Intellect can help you get better grades, a good job and even boost your attractiveness with the opposite sex, but it surely cannot make you a religious person, says a new study.
The study, led by Professor Richard Lynn, emeritus professor of psychology at Ulster University, suggests that people with higher IQs are less likely to believe in God.
He added that many more members of the "intellectual elite" considered themselves atheists than the national average.
A decline in religious observance over the last century was directly linked to an increase in average intelligence, he claimed.
Professor Lynn further said university academics were less likely to believe in God than almost anyone else.
A survey of Royal Society fellows found that only 3.3 per cent believed in God, at a time when 68.5 per cent of the general UK population described themselves as believers.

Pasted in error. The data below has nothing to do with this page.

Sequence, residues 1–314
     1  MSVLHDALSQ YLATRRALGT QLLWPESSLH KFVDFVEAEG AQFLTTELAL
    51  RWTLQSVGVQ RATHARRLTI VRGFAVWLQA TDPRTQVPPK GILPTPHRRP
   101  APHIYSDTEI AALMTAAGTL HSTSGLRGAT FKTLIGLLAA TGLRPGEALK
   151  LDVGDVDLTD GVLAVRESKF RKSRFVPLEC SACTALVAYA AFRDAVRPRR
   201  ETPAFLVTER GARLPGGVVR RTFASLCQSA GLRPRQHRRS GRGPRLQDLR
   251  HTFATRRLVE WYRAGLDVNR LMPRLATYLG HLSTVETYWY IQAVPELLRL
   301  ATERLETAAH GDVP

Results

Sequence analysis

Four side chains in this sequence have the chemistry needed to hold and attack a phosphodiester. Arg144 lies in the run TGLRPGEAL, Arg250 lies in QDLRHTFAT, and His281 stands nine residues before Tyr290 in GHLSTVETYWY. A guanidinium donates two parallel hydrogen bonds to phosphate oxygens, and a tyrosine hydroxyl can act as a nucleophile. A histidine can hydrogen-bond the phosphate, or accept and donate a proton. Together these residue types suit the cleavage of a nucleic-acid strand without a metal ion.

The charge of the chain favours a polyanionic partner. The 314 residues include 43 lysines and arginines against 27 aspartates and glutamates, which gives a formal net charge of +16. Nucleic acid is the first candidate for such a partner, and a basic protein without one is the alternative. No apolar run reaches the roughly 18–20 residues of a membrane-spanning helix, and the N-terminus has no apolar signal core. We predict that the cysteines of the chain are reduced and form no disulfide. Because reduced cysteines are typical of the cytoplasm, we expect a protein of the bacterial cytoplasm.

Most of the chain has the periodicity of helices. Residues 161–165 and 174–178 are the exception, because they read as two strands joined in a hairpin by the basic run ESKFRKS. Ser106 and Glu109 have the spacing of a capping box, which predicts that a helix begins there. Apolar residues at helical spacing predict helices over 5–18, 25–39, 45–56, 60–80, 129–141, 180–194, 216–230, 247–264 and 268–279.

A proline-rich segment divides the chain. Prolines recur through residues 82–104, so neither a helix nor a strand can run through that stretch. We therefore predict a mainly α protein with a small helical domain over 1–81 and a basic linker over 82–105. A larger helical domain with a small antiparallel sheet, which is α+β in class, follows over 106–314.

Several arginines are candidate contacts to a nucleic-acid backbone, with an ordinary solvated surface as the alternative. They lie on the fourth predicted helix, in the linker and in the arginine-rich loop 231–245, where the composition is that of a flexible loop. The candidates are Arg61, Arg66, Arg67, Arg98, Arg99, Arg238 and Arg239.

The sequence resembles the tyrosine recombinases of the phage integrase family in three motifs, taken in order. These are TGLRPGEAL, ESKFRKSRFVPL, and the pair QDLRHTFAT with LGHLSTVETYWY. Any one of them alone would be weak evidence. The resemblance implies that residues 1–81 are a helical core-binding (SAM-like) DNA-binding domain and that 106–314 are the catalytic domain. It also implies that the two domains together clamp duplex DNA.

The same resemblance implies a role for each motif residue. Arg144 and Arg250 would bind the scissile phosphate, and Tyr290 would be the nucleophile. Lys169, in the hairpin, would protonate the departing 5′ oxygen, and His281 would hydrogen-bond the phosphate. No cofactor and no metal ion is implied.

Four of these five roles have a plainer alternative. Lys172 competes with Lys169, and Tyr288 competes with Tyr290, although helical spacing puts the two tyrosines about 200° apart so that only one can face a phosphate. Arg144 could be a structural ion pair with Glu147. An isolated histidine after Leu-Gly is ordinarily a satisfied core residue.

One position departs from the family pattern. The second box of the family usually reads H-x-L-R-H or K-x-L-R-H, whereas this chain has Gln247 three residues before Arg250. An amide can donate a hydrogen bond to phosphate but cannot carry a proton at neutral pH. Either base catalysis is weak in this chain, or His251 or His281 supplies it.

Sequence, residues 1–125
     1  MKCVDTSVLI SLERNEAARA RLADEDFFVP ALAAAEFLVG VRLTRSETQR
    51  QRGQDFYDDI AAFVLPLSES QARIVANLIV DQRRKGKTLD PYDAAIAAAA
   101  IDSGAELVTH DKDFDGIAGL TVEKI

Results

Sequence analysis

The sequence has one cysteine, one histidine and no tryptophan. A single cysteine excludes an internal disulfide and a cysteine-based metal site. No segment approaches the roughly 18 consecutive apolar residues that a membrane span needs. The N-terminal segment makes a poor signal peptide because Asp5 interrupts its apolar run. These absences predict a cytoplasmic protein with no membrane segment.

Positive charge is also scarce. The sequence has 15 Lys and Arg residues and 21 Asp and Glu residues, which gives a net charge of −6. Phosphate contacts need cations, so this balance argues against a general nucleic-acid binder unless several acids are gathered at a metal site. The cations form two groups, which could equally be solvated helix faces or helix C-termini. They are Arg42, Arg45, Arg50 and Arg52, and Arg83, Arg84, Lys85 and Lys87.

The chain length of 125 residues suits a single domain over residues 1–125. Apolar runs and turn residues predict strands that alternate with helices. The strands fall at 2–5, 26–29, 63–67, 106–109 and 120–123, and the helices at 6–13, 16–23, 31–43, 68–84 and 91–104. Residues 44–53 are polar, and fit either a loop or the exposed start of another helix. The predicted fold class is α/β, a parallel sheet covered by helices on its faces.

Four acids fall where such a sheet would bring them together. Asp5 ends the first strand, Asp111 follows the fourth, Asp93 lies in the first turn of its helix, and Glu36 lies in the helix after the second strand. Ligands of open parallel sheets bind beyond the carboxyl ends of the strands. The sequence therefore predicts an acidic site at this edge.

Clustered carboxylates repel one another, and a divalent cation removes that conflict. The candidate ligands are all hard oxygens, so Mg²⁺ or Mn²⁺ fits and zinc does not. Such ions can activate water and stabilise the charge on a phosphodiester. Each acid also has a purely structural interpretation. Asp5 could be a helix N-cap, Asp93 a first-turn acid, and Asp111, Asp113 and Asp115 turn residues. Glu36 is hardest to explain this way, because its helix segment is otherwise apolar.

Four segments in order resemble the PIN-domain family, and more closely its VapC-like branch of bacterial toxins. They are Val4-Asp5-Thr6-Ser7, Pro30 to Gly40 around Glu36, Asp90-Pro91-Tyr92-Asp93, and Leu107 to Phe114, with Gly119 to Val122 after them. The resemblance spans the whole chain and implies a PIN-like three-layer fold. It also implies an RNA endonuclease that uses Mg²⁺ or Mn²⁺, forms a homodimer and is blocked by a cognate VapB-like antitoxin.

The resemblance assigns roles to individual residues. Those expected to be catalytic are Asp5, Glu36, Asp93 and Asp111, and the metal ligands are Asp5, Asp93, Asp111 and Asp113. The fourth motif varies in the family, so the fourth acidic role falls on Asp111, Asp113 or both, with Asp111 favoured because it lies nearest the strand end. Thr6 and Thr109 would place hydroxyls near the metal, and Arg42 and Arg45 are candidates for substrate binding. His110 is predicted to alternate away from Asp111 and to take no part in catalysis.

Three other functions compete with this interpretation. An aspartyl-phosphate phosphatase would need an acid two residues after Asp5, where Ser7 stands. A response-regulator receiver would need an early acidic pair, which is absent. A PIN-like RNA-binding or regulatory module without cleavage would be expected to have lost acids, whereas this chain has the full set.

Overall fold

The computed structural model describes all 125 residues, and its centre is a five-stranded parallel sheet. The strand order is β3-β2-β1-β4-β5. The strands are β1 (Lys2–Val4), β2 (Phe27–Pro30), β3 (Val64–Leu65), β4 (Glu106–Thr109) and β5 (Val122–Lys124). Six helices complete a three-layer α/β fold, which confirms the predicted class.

Professor Lynn said though most primary school children believed in God, many started having doubts as they entered adolescence and their intelligence increased.
"Why should fewer academics believe in God than the general population? I believe it is simply a matter of the IQ. Academics have higher IQs than the general population. Several Gallup poll studies of the general population have shown that those with higher IQs tend not to believe in God," Times Online quoted Professor Lynn, as telling Times Higher Education magazine.
He said religious belief had declined across 137 developed nations in the 20th century at the same time as people became more intelligent.
However, Professor Lynn's claims have been branded "simplistic" by critics.
Professor Gordon Lynch, director of the Centre for Religion and Contemporary Society at Birkbeck College, London, said the study failed to take account of a complex range of social, economic and historical factors.
"Linking religious belief and intelligence in this way could reflect a dangerous trend, developing a simplistic characterisation of religion as primitive, which - while we are trying to deal with very complex issues of religious and cultural pluralism - is perhaps not the most helpful response," he said.
The study is published in the journal Intelligence.